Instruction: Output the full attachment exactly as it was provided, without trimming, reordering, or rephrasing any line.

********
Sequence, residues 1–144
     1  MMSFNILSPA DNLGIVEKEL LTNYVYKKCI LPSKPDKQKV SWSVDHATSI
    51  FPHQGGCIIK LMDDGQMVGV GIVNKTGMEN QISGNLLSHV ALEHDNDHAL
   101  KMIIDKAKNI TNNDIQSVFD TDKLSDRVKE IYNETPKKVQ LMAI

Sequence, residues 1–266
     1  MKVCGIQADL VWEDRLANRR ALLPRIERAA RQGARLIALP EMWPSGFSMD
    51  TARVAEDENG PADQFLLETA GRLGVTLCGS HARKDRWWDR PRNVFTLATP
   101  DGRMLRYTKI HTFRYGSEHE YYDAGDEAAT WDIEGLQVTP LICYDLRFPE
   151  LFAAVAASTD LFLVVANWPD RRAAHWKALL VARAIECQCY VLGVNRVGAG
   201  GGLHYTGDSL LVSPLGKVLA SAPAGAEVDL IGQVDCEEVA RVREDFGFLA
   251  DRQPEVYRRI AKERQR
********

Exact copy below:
Sequence, residues 1–144
     1  MMSFNILSPA DNLGIVEKEL LTNYVYKKCI LPSKPDKQKV SWSVDHATSI
    51  FPHQGGCIIK LMDDGQMVGV GIVNKTGMEN QISGNLLSHV ALEHDNDHAL
   101  KMIIDKAKNI TNNDIQSVFD TDKLSDRVKE IYNETPKKVQ LMAI

Sequence, residues 1–266
     1  MKVCGIQADL VWEDRLANRR ALLPRIERAA RQGARLIALP EMWPSGFSMD
    51  TARVAEDENG PADQFLLETA GRLGVTLCGS HARKDRWWDR PRNVFTLATP
   101  DGRMLRYTKI HTFRYGSEHE YYDAGDEAAT WDIEGLQVTP LICYDLRFPE
   151  LFAAVAASTD LFLVVANWPD RRAAHWKALL VARAIECQCY VLGVNRVGAG
   201  GGLHYTGDSL LVSPLGKVLA SAPAGAEVDL IGQVDCEEVA RVREDFGFLA
   251  DRQPEVYRRI AKERQR